A Guide to Tracing American Indian and Alaska Native Ancestry U.S. Department of the Interior

ISBN:

Published: January 9th 2013

Kindle Edition

15 pages


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A Guide to Tracing American Indian and Alaska Native Ancestry  by  U.S. Department of the Interior

A Guide to Tracing American Indian and Alaska Native Ancestry by U.S. Department of the Interior
January 9th 2013 | Kindle Edition | PDF, EPUB, FB2, DjVu, audiobook, mp3, ZIP | 15 pages | ISBN: | 9.13 Mb

There are many reasons why a person will seek to establish his or her ancestry as that of AI/AN. One may be because the person wants to become an enrolled member of a federally recognized tribe. Another may be a desire to verify a family tradition orMoreThere are many reasons why a person will seek to establish his or her ancestry as that of AI/AN. One may be because the person wants to become an enrolled member of a federally recognized tribe.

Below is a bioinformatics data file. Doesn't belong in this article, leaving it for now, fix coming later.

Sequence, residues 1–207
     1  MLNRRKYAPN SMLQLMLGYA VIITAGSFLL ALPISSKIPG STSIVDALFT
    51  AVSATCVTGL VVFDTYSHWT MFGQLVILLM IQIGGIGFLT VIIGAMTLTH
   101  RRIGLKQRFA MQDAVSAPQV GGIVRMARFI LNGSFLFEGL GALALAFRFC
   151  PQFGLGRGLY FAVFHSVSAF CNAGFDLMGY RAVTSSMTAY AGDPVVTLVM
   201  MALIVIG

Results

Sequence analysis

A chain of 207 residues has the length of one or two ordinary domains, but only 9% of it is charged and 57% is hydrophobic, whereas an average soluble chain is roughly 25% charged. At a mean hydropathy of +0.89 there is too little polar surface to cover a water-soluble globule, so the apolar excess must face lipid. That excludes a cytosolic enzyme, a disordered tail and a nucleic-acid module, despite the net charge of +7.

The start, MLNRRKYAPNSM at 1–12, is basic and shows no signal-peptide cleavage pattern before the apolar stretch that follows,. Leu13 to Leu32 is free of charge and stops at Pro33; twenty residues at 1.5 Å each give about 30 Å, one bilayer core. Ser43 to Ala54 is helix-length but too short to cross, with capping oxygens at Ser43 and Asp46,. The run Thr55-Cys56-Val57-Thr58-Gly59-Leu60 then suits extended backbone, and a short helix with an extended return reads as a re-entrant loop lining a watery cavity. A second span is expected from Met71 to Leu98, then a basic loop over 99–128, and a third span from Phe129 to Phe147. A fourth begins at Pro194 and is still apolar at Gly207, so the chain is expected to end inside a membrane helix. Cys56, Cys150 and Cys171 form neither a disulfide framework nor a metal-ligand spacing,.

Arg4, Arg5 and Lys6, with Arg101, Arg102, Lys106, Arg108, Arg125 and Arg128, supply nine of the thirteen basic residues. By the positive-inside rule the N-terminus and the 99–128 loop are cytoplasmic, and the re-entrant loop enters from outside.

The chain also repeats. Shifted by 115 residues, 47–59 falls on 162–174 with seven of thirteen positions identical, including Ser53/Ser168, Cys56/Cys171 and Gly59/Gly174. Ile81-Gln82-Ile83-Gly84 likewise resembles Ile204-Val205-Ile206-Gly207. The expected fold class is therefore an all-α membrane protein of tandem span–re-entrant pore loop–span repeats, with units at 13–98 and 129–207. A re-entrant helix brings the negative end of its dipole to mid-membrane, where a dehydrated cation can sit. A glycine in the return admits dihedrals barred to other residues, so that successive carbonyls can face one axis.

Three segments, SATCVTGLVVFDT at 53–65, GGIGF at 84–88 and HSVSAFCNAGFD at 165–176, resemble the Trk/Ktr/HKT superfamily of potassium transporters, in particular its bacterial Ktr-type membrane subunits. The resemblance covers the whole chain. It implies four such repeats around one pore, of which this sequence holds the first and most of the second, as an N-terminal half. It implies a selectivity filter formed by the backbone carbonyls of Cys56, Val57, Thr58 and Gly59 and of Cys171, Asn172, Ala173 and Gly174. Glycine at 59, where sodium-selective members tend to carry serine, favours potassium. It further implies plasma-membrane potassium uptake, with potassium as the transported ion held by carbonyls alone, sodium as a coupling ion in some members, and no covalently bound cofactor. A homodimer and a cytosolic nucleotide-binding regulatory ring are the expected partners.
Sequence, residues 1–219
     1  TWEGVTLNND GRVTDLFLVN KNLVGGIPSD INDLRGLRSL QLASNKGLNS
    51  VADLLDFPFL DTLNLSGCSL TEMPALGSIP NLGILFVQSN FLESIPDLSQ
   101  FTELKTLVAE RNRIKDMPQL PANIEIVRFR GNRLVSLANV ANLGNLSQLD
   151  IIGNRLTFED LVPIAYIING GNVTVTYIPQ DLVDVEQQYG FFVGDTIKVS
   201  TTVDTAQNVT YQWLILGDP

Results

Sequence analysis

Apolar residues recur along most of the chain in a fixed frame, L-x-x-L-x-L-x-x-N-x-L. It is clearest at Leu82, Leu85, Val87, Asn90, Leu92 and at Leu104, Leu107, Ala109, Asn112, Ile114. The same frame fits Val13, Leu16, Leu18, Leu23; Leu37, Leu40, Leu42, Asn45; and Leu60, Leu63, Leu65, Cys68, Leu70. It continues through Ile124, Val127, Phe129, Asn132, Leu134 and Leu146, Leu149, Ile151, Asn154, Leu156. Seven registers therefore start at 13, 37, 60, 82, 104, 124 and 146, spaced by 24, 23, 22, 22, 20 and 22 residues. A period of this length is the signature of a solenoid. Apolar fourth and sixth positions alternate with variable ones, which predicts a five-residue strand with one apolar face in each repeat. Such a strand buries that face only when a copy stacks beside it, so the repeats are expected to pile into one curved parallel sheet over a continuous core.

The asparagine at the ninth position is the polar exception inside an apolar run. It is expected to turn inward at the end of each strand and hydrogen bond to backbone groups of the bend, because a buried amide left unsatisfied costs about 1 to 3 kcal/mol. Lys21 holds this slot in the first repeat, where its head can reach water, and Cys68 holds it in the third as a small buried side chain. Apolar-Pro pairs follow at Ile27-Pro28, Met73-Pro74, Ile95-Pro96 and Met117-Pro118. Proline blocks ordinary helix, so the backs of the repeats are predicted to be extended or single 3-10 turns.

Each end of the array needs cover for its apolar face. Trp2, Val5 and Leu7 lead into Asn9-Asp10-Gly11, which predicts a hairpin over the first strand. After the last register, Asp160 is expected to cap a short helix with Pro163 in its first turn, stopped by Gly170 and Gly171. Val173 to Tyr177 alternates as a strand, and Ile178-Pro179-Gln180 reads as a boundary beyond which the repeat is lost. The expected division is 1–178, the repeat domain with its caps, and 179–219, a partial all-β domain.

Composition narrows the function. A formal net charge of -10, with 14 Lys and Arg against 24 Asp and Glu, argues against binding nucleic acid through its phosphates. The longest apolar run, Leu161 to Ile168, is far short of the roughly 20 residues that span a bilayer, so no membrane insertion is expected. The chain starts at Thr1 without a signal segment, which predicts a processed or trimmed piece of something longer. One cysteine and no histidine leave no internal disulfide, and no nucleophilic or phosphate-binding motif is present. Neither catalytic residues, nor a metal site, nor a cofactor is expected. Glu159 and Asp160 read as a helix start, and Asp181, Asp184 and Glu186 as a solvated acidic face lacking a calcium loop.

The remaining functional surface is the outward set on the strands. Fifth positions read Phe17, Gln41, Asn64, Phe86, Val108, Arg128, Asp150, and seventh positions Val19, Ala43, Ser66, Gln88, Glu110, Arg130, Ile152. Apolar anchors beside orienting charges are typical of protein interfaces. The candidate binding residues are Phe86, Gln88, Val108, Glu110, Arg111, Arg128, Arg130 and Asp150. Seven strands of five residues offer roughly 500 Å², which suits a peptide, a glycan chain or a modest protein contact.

Another may be a desire to verify a family tradition or belief that has been passed down from generation to generation, whether based on fact or fiction, that he or she descends from an AI/AN person or tribal community. Another could be a desire only to learn more about a family’s history. Another may be to establish eligibility for public or private sector services or benefits that are believed to be provided only to persons who are AI/AN.When establishing descent from an AI/AN tribe for membership and enrollment purposes, however, an individual must provide genealogical documentation that supports his or her claim of such ancestry from a specific tribe or tribal community.

Such documentation must prove that the individual is a lineal descendent of an individual whose name can be found on the tribal membership roll of the federally recognized tribe from which the individual is claiming descent and is seeking to enroll.If the end goal for doing such research is to help you determine if you are eligible for membership in a tribe, you must be able to: 1) establish that you have a lineal ancestor – biological parent, grandparent, great-grandparent and/or more distant ancestor – who is an American Indian or Alaska Native person from a federally recognized tribe in the U.S., 2) identify which tribe (or tribes) your ancestor was a member of or affiliated with, and 3) document your relationship to that person using vital statistics records and other records a tribe may require or accept for purposes of enrollment.



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